On a recent Saturday afternoon, my wife, Bhavana, and our year-old son, Abhishek, went to the malls. We first went to Atria Mall, which had just opened recently. Then, we went to High Street Phoenix, with the obligatory walk through Big Bazaar, Indias equivalent of Wal-Mart. I was visiting the malls after quite some time. On our way home, I could not but help reflect on how times have changed. I was telling Bhavana that the real Indian revolution was happening around us. A mix of malls, mobiles, media, money and movies are reflective of the new India that is emerging. She summed it the change in one word: attitude.
As recently as a decade or so ago, we were still very conservative in our outlook and spending. That has been the biggest change. Urban Indians are now much more liberal and willing to spend. The Atria Mall at Worli is full of international brands. The mall is designed very well also there is a feeling of openness and space You see people walking around mobiles in one hand, and shopping bags in the other. The revolution that India is witnessing, more than anything, is one of attitude.
The Indian middle class has always been talked about as a sleeping giant. In the period immediately after the reforms of 1991, many companies came to India salivating at the prospect of a 200 million strong middle class. Most were disappointed. Those were the early days. It has taken time but finally the promise of the middle class purchasing power is being fulfilled. It has taken over a decade, but now the mix of increasing incomes and the environment around is making a youthful population a magnet for global and local brands.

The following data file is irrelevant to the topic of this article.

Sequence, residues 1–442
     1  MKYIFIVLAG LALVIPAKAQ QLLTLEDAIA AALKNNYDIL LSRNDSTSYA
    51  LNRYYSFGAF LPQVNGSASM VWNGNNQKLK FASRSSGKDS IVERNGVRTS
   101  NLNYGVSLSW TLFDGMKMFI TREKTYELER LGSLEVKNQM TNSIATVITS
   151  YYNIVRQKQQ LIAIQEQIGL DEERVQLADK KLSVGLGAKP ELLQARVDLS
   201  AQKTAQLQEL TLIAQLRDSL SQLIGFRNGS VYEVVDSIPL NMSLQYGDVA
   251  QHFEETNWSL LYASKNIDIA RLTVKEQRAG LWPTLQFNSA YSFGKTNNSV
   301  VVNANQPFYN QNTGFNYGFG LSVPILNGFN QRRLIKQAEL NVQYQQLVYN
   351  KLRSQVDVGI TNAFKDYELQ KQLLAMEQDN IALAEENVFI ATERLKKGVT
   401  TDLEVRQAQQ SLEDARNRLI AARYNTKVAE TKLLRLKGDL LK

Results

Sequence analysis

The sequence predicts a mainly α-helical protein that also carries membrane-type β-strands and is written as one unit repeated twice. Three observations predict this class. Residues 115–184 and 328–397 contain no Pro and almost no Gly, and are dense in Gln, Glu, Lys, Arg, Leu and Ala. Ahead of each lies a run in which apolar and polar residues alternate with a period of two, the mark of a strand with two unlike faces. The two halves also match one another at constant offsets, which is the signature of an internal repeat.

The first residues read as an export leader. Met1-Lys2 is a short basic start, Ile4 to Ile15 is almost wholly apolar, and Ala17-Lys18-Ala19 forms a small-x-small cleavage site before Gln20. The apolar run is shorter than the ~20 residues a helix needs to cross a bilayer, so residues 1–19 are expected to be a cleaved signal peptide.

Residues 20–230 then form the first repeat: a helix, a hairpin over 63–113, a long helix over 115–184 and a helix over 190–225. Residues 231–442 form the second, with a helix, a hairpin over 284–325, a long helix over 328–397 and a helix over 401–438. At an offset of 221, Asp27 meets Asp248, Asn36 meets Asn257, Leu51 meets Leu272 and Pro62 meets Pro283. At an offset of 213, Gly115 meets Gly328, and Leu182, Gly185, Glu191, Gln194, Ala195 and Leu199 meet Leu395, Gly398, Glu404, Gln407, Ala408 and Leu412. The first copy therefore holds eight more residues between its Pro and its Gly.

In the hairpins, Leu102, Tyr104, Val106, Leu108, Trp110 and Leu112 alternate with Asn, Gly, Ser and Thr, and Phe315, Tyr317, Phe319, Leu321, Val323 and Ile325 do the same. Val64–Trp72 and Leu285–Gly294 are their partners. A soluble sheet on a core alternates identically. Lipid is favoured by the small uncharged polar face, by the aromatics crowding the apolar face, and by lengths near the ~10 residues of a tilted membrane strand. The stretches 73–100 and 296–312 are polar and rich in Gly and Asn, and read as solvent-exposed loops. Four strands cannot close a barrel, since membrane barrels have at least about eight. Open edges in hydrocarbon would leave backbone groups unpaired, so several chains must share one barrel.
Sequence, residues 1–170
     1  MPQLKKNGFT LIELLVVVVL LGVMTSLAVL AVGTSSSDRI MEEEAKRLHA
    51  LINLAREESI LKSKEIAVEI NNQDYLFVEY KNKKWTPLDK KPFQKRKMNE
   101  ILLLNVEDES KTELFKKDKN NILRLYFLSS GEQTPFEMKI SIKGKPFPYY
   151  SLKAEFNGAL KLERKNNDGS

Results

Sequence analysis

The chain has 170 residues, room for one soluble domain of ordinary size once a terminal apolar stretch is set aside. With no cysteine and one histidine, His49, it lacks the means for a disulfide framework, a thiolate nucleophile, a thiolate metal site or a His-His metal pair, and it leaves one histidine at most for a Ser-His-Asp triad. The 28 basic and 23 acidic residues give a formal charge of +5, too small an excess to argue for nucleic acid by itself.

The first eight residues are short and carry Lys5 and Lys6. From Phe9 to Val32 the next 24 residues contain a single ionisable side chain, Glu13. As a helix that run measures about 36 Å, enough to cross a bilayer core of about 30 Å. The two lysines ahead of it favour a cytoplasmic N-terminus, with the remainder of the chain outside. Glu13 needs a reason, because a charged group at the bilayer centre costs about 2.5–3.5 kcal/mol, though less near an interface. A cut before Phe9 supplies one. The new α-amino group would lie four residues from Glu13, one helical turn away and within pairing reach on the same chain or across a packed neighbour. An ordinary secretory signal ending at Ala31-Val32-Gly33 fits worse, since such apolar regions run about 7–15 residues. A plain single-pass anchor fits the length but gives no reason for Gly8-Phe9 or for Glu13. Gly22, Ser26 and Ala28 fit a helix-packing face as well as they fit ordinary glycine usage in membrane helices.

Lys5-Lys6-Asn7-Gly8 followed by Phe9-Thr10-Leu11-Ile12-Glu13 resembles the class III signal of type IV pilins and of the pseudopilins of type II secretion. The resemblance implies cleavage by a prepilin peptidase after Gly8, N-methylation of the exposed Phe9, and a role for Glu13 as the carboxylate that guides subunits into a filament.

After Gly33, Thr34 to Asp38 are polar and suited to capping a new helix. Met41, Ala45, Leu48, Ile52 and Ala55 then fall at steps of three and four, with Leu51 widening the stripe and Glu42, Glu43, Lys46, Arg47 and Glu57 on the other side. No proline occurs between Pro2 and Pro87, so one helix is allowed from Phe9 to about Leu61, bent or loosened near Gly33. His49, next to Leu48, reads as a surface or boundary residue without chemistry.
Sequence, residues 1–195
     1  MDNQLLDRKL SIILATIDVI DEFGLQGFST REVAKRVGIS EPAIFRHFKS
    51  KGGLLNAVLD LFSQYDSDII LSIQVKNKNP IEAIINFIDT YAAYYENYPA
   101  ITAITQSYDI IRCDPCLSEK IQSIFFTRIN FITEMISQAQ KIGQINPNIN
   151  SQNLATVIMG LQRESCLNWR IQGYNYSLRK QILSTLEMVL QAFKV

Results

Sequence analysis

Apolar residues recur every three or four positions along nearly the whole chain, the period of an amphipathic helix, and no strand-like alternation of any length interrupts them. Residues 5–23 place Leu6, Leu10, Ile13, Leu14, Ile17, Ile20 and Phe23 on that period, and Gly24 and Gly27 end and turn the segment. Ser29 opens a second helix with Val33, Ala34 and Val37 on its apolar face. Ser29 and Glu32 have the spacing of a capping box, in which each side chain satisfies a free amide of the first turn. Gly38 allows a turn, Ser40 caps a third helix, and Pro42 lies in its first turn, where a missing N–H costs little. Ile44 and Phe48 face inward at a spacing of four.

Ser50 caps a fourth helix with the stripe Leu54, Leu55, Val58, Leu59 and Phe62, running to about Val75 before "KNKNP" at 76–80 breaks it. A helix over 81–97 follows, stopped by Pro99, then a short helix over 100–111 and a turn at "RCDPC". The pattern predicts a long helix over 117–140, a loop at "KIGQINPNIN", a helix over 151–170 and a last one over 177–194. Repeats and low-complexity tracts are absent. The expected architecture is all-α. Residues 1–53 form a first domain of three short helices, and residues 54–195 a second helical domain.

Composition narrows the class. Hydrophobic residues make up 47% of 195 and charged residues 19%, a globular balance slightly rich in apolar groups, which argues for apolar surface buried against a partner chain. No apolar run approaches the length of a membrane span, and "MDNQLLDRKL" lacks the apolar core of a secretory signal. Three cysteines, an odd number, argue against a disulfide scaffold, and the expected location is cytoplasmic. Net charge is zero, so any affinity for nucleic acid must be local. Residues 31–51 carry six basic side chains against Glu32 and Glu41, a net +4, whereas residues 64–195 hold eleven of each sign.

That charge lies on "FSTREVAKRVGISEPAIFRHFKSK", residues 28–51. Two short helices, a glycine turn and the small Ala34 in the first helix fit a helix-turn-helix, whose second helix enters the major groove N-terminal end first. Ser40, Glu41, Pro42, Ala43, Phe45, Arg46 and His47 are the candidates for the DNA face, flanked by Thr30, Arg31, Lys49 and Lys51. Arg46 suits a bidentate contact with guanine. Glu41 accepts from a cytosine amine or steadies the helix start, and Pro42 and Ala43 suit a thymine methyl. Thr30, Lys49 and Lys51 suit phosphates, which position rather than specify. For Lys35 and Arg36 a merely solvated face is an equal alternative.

Malls are sprouting everywhere. The media is shaping a change of attitude more liberal, more open, laced with a bit of activism. Malls, movies, and mobiles mirror the me attitude the most visible status symbol for the young, and personalised with the latest ringtones. India is creating, after China, one of the largest segments of consumers with lots of disposable income.
In all this, there is one note of dissonance the government. The events of the past month centred around the reservation of seats in Indias higher education system for the backward classes has angered a large segment of urban society. People see the move for what it is dirty, caste-driven politics, with no intent to do any good for the masses. The shock is compounded by the fact that a person like Dr. Manmohan Singh should stand by speechless as all of this takes place.
For India and Indians to realise its true potential, one of two things needs to happen either we need a government that understands the true aspirations of the youth and focuses on solving Indias problems at the root, or people take matters in their own hands to counter the short-sighted policies of those in power. The issue about reservation in education shows clearly that the first is unlikely to happen in the near future. The second option is the only solution.
Tomorrow: My Views (continued)